Extracranial and intracranial vasculopathy with "moyamoya phenomenon" in association with alagille syndrome

Siobhan Delaney, Ged O'Connor, William Reardon, Stephen J.X. Murphy, Sean Tierney, Barbara M. Ryan, Holly Delaney, Colin P. Doherty, Michael Guiney, Paul Brennan, W. Oliver Tobin, Dominick J.H. McCabe

Research output: Contribution to journalArticlepeer-review


Background: Alagille syndrome (AGS) is an autosomal-dominant, multisystem disorder caused by mutations in the JAG1 gene. Case Description: A 34-year-old man was referred to our service 10 years ago with focal seizures with impaired awareness and transient slurred speech. He had a 5-year history of intermittent left monocular low-flow retinopathy. He has a family history of AGS. General examination revealed mild hypertension, aortic regurgitation, and livedo reticularis. Neurological examination was normal. Investigations: He had mild hyperlipidaemia and persistently-positive lupus anticoagulant consistent with primary anti-phospholipid syndrome. Color Doppler ultrasound revealed low velocity flow in a narrowed extracranial left internal carotid artery (ICA). MR and CT angiography revealed a diffusely narrowed extracranial and intracranial left ICA. Formal cerebral angiography confirmed severe left ICA narrowing consistent with a left ICA "vasculopathy" and moyamoya phenomenon. Transthoracic echocardiogram revealed a bicuspid aortic valve and aortic incompetence. Molecular genetic analysis identified a missense mutation (A211P) in exon 4 of the JAG1 gene, consistent with AGS. Discussion: AGS should be considered in young adults with TIAs/stroke and unexplained extracranial or intracranial vascular abnormalities, and/or moyamoya phenomenon, even in the absence of other typical phenotypic features. Gene panels should include JAG1 gene testing in similar patients.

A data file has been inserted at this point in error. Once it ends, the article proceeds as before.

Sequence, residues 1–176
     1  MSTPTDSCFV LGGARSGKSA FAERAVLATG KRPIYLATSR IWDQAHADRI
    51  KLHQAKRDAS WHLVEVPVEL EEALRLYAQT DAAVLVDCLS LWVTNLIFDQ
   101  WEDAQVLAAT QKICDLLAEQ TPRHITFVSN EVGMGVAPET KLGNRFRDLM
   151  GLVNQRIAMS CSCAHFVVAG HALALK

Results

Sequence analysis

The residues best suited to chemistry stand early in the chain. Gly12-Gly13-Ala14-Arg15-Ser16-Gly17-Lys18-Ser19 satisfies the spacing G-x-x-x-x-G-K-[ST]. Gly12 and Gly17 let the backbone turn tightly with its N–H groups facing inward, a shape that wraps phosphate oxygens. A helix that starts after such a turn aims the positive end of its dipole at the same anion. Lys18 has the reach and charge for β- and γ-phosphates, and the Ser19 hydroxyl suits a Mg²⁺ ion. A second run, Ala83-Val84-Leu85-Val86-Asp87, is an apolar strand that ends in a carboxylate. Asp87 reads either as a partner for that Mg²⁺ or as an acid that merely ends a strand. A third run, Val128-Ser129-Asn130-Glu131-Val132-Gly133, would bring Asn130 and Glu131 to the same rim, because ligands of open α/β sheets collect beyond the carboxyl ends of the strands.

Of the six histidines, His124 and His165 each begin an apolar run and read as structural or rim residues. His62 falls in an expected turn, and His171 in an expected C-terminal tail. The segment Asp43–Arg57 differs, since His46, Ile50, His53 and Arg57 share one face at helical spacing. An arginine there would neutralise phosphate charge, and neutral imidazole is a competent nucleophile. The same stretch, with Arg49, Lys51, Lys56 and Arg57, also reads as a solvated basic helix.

Original languageEnglish (US)
Article number1194
JournalFrontiers in Neurology
Issue numberJAN
StatePublished - 2019


  • Alagille syndrome (AGS)
  • Internal carotid artery (ICA)
  • JAG1 gene
  • Moyamoya phenomenon
  • Transient ischaemic attack

ASJC Scopus subject areas

  • Neurology
  • Clinical Neurology


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